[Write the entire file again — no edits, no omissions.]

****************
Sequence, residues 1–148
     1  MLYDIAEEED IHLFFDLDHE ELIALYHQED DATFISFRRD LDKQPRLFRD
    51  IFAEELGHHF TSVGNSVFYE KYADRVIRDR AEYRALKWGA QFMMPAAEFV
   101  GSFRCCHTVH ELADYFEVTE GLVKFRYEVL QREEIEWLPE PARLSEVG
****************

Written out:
Sequence, residues 1–148
     1  MLYDIAEEED IHLFFDLDHE ELIALYHQED DATFISFRRD LDKQPRLFRD
    51  IFAEELGHHF TSVGNSVFYE KYADRVIRDR AEYRALKWGA QFMMPAAEFV
   101  GSFRCCHTVH ELADYFEVTE GLVKFRYEVL QREEIEWLPE PARLSEVG